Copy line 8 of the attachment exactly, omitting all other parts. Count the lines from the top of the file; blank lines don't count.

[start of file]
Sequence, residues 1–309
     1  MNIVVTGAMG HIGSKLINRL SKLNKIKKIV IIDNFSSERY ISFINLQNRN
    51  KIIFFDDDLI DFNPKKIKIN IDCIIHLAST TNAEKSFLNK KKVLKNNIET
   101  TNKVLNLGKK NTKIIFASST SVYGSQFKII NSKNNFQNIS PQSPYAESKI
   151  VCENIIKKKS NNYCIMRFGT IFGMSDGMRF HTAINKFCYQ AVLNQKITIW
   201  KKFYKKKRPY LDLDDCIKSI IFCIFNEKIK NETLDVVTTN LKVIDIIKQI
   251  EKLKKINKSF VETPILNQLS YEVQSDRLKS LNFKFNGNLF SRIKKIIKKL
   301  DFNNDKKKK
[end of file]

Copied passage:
   301  DFNNDKKKK